Take a piece of paper and shine a flashlight at an angle at the paper, as shown in [link] . Now shine the flashlight at a mirror at an angle. Do your observations confirm the predictions in [link] and [link] ? Shine the flashlight on various surfaces and determine whether the reflected light is diffuse or not. You can choose a shiny metallic lid of a pot or your skin. Using the mirror and flashlight, can you confirm the law of reflection? You will need to draw lines on a piece of paper showing the incident and reflected rays. (This part works even better if you use a laser pencil.)

Section summary

  • The angle of reflection equals the angle of incidence.
  • A mirror has a smooth surface and reflects light at specific angles.
  • Light is diffused when it reflects from a rough surface.
  • Mirror images can be photographed and videotaped by instruments.

Conceptual questions

Using the law of reflection, explain how powder takes the shine off of a person’s nose. What is the name of the optical effect?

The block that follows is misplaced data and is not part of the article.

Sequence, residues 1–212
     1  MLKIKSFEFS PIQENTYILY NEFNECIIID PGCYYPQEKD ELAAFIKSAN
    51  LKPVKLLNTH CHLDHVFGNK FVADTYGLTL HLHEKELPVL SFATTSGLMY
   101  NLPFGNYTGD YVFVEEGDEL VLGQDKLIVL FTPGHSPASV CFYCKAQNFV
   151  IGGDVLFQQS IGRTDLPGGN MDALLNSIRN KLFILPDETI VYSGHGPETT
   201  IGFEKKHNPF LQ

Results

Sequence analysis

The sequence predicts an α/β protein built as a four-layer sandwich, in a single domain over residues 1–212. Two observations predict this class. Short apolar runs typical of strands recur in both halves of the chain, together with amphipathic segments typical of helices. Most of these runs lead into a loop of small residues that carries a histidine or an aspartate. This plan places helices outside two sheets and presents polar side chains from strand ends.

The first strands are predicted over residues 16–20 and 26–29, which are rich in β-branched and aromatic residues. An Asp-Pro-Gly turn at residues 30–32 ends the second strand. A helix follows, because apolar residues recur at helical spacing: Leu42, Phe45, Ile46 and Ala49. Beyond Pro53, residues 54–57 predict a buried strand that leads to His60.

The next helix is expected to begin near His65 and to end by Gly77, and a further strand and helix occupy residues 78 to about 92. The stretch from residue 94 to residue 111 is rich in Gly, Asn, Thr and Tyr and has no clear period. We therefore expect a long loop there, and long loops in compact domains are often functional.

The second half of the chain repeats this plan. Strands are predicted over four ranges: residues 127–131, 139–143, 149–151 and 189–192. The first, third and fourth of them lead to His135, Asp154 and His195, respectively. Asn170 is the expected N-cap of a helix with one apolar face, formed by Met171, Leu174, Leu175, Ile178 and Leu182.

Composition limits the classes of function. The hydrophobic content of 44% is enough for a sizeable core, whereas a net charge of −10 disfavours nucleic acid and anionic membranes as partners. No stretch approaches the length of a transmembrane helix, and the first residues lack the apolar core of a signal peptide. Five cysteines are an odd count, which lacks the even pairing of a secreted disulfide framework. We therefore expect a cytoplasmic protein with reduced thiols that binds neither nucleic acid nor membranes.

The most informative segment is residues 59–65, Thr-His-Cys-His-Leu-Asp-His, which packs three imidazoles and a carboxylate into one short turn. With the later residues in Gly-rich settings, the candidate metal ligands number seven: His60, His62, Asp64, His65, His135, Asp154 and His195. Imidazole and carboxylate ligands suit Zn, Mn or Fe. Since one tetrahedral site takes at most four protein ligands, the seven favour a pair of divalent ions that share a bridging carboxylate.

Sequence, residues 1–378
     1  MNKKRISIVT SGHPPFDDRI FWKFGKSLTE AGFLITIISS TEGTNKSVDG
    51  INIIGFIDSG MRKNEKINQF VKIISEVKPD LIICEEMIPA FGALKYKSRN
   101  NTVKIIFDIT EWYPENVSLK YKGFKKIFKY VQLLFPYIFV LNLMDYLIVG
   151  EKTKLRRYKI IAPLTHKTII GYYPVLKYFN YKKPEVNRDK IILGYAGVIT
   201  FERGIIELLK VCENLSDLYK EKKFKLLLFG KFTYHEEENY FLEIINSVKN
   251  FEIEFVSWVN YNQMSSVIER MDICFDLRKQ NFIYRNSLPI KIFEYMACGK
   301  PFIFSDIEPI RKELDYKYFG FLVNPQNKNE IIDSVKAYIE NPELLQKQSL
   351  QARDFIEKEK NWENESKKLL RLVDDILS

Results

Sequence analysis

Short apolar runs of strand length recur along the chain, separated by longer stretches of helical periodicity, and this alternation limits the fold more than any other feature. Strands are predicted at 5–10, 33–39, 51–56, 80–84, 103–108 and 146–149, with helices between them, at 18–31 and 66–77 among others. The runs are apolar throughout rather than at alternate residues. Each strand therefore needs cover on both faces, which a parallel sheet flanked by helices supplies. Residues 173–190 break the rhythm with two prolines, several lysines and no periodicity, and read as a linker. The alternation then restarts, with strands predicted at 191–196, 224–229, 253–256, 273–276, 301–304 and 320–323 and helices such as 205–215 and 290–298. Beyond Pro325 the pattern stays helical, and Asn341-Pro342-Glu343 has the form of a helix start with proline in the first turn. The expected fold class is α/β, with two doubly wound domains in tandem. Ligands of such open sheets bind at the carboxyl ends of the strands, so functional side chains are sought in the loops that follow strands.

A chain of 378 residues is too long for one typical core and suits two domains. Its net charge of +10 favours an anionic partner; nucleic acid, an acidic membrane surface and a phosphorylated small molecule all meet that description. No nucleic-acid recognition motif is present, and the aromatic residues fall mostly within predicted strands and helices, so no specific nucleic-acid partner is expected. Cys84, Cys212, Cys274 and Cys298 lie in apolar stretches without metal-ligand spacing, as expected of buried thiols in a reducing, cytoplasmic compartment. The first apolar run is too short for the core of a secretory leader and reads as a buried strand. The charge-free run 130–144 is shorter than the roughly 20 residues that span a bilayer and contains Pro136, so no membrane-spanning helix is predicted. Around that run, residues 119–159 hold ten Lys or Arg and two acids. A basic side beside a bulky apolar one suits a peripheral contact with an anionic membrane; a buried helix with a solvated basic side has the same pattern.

Questions & Answers

Is there any normative that regulates the use of silver nanoparticles?
Damian Reply
what king of growth are you checking .?
Renato
What fields keep nano created devices from performing or assimulating ? Magnetic fields ? Are do they assimilate ?
Stoney Reply
why we need to study biomolecules, molecular biology in nanotechnology?
Adin Reply
?
Kyle
yes I'm doing my masters in nanotechnology, we are being studying all these domains as well..
Adin
why?
Adin
what school?
Kyle
biomolecules are e building blocks of every organics and inorganic materials.
Joe
anyone know any internet site where one can find nanotechnology papers?
Damian Reply
research.net
kanaga
sciencedirect big data base
Ernesto
Introduction about quantum dots in nanotechnology
Praveena Reply
what does nano mean?
Anassong Reply
nano basically means 10^(-9). nanometer is a unit to measure length.
Bharti
do you think it's worthwhile in the long term to study the effects and possibilities of nanotechnology on viral treatment?
Damian Reply
absolutely yes
Daniel
how to know photocatalytic properties of tio2 nanoparticles...what to do now
Akash Reply
it is a goid question and i want to know the answer as well
Maciej
characteristics of micro business